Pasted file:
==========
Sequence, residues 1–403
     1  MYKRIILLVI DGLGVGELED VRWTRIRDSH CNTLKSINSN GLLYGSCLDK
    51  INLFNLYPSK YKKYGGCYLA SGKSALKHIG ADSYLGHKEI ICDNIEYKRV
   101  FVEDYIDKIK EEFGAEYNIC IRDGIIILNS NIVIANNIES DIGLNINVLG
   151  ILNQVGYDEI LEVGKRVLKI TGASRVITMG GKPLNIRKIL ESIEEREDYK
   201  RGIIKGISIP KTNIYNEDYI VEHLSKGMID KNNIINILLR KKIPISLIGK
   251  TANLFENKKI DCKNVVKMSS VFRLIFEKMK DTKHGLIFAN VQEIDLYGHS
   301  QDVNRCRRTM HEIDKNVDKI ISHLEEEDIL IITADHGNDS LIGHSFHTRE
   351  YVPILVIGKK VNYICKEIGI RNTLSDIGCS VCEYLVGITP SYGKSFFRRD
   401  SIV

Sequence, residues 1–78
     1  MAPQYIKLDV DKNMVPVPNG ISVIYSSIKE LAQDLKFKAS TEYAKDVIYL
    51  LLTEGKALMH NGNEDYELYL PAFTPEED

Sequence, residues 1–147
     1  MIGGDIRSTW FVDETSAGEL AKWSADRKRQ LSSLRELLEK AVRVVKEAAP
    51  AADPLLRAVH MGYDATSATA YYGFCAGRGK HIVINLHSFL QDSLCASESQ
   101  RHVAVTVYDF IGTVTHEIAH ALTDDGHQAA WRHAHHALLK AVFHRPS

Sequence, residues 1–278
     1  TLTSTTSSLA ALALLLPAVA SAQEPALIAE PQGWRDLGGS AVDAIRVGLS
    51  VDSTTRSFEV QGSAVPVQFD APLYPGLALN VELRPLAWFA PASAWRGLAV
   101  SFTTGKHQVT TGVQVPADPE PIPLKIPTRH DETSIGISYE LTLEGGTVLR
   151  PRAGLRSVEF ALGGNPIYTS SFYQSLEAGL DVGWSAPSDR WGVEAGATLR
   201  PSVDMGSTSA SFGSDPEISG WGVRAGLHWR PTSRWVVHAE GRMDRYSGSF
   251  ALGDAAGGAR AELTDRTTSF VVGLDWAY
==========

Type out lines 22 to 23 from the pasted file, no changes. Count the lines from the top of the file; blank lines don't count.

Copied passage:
   151  PRAGLRSVEF ALGGNPIYTS SFYQSLEAGL DVGWSAPSDR WGVEAGATLR
   201  PSVDMGSTSA SFGSDPEISG WGVRAGLHWR PTSRWVVHAE GRMDRYSGSF